In fact, TPP will result in the largest expansion of fully-enforceable labor rights in history, including renegotiating NAFTA and bringing hundreds of millions of additional people under ILO standards – leveling the playing field for American workers so that they can win in the global economy.
TPP Includes the Strongest Environmental Protections of Any Trade Agreement in History
TPP includes the highest environmental standards of any trade agreement in history. The agreement upgrades NAFTA, putting environmental protections at the core of the agreement, and making those obligations fully enforceable through the same type of dispute settlement as other obligations.
TPP requires all members to combat wildlife trafficking, illegal logging, and illegal fishing, as well as prohibit some of the most harmful fishery subsidies and promote sustainable fisheries management practices. TPP also requires that the 12 countries promote long-term conservation of whales, dolphins, sharks, sea turtles, and other marine species, as well as to protect and conserve iconic species like rhinos and elephants. And TPP cracks down on ozone-depleting substances as well as ship pollution of the oceans, all while promoting cooperative efforts to address energy efficiency.
TPP Helps Small Businesses Benefit from Global Trade
For the first time in any trade agreement, TPP includes a chapter specifically dedicated to helping small- and medium-sized businesses benefit from trade. Small businesses are one of the primary drivers of job growth in the U.S., but too often trade barriers lock small businesses out of important foreign markets when they try to export their Made in America goods. While 98 percent of the American companies that export are small and medium-sized businesses, less than 5 percent of all American small businesses export. That means there’s huge untapped potential for small businesses to expand their businesses by exporting more to the 95 percent of global consumers who live outside our borders.
TPP addresses trade barriers that pose disproportionate challenges to small businesses, such as high taxes, overly complex trade paperwork, corruption, customs “red tape,” restrictions on Internet data flows, weak logistics services that raise costs, and slow delivery of small shipments. TPP makes it cheaper, easier, and faster for American small businesses to get their products to market by creating efficient and transparent procedures that move goods quickly across borders.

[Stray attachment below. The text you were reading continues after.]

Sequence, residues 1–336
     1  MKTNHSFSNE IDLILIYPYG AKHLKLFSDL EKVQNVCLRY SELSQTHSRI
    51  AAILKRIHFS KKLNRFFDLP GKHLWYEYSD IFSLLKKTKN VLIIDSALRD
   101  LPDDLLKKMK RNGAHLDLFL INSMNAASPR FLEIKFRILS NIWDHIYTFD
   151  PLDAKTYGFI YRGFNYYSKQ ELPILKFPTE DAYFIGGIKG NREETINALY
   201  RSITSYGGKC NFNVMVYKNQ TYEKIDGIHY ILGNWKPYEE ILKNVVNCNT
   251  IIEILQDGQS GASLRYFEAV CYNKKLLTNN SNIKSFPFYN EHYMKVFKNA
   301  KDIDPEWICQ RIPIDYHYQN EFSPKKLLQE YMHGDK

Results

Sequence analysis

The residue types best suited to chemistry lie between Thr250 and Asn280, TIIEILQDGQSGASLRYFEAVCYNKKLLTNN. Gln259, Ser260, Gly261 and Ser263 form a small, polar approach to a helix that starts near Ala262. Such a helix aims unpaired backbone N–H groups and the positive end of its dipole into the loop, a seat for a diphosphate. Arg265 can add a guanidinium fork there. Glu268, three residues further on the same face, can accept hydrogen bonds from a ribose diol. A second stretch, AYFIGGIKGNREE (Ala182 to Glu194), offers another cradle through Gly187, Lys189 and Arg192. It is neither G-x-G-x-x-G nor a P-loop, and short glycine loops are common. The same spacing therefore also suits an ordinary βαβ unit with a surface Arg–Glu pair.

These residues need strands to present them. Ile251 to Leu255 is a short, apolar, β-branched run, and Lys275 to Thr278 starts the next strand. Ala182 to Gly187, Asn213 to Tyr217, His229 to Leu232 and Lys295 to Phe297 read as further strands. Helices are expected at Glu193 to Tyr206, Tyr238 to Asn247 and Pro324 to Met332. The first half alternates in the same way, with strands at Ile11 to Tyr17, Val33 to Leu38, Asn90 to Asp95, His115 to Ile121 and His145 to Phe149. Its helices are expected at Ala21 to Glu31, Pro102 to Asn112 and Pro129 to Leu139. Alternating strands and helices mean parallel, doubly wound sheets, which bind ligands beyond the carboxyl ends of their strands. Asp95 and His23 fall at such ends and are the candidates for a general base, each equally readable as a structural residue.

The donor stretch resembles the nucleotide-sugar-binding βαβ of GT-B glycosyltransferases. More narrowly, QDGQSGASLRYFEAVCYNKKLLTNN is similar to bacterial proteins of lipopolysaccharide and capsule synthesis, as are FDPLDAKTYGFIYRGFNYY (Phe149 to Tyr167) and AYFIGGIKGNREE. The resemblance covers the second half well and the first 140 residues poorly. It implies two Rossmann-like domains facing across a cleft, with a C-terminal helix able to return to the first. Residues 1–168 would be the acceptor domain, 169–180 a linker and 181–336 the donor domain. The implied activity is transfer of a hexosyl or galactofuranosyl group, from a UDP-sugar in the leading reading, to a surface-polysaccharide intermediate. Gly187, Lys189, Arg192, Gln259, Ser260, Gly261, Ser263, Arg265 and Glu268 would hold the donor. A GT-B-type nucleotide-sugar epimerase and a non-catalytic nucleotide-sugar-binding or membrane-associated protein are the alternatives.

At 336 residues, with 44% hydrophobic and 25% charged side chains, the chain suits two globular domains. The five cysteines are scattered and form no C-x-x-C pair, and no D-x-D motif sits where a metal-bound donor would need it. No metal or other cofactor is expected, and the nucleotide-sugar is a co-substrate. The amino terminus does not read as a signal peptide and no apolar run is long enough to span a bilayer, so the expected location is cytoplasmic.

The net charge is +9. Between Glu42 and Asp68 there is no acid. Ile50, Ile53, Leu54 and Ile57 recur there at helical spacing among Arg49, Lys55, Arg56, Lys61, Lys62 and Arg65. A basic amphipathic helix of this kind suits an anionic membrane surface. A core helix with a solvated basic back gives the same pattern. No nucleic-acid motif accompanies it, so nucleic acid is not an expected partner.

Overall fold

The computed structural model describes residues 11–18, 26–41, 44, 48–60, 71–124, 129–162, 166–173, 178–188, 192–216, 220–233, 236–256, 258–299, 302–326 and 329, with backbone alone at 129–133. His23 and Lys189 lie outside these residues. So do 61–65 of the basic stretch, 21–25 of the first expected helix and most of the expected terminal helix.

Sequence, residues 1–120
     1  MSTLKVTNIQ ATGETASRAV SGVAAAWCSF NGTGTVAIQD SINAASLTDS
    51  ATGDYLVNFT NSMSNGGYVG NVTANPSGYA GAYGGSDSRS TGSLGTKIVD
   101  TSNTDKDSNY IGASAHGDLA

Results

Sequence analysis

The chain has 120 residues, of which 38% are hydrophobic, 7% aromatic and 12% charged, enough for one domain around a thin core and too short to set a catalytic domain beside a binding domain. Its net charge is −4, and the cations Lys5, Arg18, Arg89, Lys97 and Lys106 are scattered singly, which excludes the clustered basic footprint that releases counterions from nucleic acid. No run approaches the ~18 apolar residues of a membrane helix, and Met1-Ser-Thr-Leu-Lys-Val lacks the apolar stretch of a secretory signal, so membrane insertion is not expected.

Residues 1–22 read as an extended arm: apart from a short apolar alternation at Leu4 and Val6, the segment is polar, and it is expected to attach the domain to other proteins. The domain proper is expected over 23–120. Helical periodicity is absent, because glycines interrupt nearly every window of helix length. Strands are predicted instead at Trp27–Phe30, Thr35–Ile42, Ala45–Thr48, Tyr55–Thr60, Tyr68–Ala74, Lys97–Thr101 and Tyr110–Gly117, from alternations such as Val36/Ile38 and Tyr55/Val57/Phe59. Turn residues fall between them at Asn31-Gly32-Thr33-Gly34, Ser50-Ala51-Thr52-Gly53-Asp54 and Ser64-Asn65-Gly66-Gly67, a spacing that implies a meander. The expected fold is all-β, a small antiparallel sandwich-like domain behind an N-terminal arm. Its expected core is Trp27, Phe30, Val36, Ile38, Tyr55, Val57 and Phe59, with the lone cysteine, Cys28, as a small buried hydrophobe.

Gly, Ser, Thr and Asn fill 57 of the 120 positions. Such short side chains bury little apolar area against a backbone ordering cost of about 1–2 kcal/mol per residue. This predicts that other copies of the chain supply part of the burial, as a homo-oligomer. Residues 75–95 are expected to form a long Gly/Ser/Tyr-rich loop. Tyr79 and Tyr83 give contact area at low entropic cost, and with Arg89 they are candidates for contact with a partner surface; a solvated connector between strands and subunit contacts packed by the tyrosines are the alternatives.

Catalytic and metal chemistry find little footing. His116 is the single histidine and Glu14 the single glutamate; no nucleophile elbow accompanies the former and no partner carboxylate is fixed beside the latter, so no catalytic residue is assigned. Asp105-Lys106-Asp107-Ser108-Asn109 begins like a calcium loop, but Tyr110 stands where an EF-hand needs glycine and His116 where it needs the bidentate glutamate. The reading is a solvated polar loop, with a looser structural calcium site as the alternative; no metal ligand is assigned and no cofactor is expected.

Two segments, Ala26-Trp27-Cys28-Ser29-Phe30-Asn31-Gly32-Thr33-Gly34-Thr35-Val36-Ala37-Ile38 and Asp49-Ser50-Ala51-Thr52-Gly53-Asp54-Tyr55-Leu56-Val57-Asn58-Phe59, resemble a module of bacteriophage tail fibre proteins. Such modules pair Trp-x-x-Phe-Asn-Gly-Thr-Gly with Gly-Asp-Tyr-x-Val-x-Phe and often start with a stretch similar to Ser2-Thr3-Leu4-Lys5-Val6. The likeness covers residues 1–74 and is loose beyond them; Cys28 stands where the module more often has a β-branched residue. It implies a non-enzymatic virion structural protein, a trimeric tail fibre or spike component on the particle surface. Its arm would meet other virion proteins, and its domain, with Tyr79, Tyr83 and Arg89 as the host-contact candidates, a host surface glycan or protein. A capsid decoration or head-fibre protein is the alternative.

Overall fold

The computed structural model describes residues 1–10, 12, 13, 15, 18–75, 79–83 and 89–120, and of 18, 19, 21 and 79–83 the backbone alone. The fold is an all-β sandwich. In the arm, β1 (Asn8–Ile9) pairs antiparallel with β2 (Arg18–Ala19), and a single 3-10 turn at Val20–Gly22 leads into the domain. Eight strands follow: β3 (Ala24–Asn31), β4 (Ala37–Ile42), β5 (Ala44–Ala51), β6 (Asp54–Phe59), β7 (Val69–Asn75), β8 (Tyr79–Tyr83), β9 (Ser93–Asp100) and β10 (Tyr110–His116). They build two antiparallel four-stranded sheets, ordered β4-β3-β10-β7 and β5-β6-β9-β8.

TPP Promotes E-Commerce, Protects Digital Freedom, and Preserves an Open Internet
TPP includes cutting-edge rules to promote Internet-based commerce – a central area of American leadership, and one of the world’s great opportunities for growth. The agreement also includes strong rules that make sure the best innovation, not trade barriers and censorship laws, shapes how digital markets grow. TPP helps preserve the single, global, digital marketplace.
TPP does this by preserving free international movement of data, ensuring that individuals, small businesses, and families in all TPP countries can take advantage of online shopping, communicate efficiently at low cost, and access, move, and store data freely. TPP also bans “forced localization” – the discriminatory requirement that certain governments impose on U.S. businesses that they place their data, servers, research facilities, and other necessities overseas in order to access those markets.
TPP includes standards to protect digital freedom, including the free flow of information across borders – ensuring that Internet users can store, access, and move their data freely, subject to public-interest regulation, for example to fight spamming and cyber-crime.
TPP Levels the Playing Field for U.S. Workers by Disciplining State-Owned Enterprises (SOEs)
TPP protects American workers and businesses from unfair competition by State-owned companies in other countries, who are often given preferential treatment that allows them to undercut U.S. competitors. This includes the first-ever disciplines to ensure that SOEs compete on a commercial basis and that the advantages SOEs receive from their governments, such as unfair subsidies, do not have an adverse impact on American workers and businesses.
TPP Prioritizes Good Governance and Fighting Corruption
TPP includes the strongest standards for transparency and anticorruption of any trade agreement in history. As such, TPP strengthens good governance in TPP countries by requiring them to ratify or accede to the U.N. Convention Against Corruption (UNCAC), commit to adopt or maintain laws that criminalize bribing public officials, adopt measures to decrease conflicts of interest, commit to effectively enforce anticorruption laws and regulations, and give citizens the opportunity to provide input on any proposed measures relating to issues covered by the TPP agreement. TPP also requires regulatory transparency policies based on standard U.S. practice.
TPP Includes First Ever Development Chapter
For the first time in any U.S. trade agreement, TPP includes stand-alone chapters dedicated to development and capacity-building, as well as a wide range of commitments to promote sustainable development and inclusive economic growth, reduce poverty, promote food security, and combat child and forced labor.
TPP Capitalizes on America’s Position as the World Leader in Services Exports
TPP lifts complex restrictions and bans on access for U.S. businesses – including many small businesses – that export American services like retail, communications, logistics, entertainment, software and more. This improved access will unlock new economic opportunities for the U.S. services industry, which currently employs about 4 out of every 5 American workers.